Tangential anti-educationist rant (was: what is easier to lea rn first?...)
Alessandro.Bottoni at think3.com
Tue Mar 21 15:23:14 CET 2000
This topic is somehow more complicated.
A few days ago, I tried to propose a course of "basic" computer programming,
aimed to PC Windows users without any previous experience in programming.
The course was based on Python, for obvious reasons.
The immediate response of the involved boss was:
- "Py-what? What in the hell is 'Pizon'?! Let apart this academic bullshit
and teach the good, old Basic, if do not want to use C!"
(He is not my company boss...for the chronicle)
It is evident that there is a "marketing" problem here: you just cannot hang
a poster in the local high school's hall, announcing a Python (or Scheme,
Haskell, Eiffel, or... fill-in the blank) language, and hope it will attract
people from all around the world.
As usual, you have to speak a "language" that your intended audience (first
of all your paying boss..) can understand. Python is not "understandable" by
aspiring programmers as a desirable skill, at least here.
Basic and C are well-known, no more than well-known. Hence, they are
understandable. A kid can aspire to learn them, just because he knows that
they exists and that they are widely used (he just does not know that they
are widely hated, as well...). This is not true in the case of Python and
many other languages: my boss and my audience just do not know what Python
is and how widely it is used.
I'm afraid it will take time to have Python as a "teachable" language,
politically speaking. Guido's effort in the direction of the "Programming
Language for EveryBody" is crucial for opening this "market".
Alessandro Bottoni (Alessandro.Bottoni at Think3.com)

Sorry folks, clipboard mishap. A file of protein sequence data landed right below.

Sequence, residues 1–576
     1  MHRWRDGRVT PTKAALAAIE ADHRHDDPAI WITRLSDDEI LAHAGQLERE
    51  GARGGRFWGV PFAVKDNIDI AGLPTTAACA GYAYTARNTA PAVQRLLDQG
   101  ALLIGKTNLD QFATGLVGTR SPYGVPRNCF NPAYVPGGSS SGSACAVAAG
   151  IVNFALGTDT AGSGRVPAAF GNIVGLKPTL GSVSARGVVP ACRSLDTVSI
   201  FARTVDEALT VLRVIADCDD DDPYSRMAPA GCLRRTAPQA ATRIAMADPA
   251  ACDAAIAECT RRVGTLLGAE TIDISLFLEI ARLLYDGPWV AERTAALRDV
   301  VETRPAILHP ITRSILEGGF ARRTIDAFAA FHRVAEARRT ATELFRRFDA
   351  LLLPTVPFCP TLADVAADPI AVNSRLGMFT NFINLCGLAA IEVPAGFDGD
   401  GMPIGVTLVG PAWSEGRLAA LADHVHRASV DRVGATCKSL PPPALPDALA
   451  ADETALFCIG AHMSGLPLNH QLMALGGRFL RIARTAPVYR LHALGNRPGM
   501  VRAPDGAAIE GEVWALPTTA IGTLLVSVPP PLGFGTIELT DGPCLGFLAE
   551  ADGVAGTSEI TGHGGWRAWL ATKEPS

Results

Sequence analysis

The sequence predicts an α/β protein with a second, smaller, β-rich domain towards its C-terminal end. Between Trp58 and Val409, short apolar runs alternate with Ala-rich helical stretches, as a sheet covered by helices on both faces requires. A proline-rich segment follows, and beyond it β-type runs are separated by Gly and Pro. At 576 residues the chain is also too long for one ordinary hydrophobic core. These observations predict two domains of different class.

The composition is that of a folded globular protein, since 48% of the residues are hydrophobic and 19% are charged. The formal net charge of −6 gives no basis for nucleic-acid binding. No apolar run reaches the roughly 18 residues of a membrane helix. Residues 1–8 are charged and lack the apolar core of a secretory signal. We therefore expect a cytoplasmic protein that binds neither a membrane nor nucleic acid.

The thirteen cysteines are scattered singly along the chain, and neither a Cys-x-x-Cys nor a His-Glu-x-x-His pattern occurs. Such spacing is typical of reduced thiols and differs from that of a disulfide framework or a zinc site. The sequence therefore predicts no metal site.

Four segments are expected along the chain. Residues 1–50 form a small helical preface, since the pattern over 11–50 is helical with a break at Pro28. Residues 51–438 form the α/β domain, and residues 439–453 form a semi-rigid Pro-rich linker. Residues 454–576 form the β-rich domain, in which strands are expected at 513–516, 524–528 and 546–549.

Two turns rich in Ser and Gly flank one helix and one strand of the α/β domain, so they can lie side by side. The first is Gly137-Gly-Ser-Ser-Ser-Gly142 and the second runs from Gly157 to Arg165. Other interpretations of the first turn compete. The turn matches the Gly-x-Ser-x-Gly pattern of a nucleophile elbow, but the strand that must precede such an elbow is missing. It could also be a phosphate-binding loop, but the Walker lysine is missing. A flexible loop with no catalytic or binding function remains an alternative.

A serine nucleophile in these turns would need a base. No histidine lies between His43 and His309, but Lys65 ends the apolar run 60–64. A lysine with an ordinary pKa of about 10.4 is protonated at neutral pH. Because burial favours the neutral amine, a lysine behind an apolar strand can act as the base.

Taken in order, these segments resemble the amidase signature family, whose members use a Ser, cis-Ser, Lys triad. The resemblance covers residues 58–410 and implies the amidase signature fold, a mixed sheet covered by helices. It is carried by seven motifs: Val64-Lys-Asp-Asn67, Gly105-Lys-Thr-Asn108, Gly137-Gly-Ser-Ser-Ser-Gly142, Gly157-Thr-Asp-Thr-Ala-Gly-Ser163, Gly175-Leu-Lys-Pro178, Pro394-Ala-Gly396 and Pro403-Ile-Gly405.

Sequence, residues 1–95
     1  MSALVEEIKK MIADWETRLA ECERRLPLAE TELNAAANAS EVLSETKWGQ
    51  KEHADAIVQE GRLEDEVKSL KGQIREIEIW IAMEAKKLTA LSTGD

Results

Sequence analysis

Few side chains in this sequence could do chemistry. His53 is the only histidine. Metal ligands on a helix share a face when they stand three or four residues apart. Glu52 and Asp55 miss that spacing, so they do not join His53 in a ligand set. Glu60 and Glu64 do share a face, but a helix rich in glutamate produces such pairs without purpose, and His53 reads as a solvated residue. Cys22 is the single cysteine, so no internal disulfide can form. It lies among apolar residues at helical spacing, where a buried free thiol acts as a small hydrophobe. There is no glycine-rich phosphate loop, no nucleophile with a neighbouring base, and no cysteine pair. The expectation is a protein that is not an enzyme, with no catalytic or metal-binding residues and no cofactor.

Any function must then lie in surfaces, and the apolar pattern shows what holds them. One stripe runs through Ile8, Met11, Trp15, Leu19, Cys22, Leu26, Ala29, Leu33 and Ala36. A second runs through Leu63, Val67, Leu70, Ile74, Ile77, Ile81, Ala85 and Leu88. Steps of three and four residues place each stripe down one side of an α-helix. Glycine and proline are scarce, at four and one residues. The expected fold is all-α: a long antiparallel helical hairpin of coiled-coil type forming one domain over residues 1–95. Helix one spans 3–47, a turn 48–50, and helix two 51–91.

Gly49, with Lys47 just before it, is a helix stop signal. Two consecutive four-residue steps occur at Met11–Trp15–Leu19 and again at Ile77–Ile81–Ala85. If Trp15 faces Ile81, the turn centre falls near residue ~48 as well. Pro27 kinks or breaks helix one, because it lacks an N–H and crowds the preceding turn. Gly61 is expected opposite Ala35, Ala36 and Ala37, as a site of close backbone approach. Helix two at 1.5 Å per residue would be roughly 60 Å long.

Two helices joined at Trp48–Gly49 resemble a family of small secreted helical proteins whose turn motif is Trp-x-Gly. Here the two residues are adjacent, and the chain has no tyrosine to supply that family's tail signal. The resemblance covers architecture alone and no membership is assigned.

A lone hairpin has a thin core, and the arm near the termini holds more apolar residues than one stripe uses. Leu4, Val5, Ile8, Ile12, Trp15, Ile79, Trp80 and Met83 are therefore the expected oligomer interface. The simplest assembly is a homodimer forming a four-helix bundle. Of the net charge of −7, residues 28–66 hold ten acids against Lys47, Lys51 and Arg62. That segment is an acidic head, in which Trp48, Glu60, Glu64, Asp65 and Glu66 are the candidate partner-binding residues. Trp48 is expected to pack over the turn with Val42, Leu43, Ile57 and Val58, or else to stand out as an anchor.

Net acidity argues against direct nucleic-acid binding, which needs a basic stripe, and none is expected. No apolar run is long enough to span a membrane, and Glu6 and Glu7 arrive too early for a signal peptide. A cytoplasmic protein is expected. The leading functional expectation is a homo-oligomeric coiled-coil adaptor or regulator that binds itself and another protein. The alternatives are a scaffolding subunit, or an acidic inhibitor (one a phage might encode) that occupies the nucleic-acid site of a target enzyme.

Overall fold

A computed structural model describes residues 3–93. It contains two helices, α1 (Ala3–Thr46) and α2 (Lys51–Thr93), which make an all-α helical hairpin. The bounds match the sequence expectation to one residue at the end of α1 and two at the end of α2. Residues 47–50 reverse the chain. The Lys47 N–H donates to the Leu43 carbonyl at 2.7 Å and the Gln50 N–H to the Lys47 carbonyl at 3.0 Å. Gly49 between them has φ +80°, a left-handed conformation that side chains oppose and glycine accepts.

Web Programmer @ Think3 inc. (www.think3.com)
I do not speak for think3 and they return the favour
> -----Original Message-----
> From: claird at starbase.neosoft.com [SMTP:claird at starbase.neosoft.com]
> Sent: Tuesday, March 21, 2000 2:46 PM
> To: python-list at python.org
> Subject: Tangential anti-educationist rant (was: what is easier to
> learn first?...)
> In article <XUDB4.2253$nI2.45719 at ptah.visi.com>,
> Grant Edwards <nobody at nowhere.nohow> wrote:
> >more Python. I'd definitely go with Python. C is for OS
> >kernels, device drivers, and embedded work. It really oughtn't
> >be taught to beginners or people who just want to write an
> >application. C is low-level and unsafe: the programmer's got
> >to do way too much of the housekeeping, and there are countless
> >ways to hang yourself before you've even gotten enough rope out
> >to accomplish anything. -- but at least the semantics are
> >farily simple (assuming you know some assembly language and how
> >compilers work).
> It pretty well captures my impression of
> institutional education that US high
> schools commonly teach C (and C++!) as a
> first programming language. I find that
> typical of the mental abuse they thought-
> lessly perpetrate.
> Cameron Laird <claird at NeoSoft.com>
> Business: http://www.Phaseit.net
> Personal: http://starbase.neosoft.com/~claird/home.html
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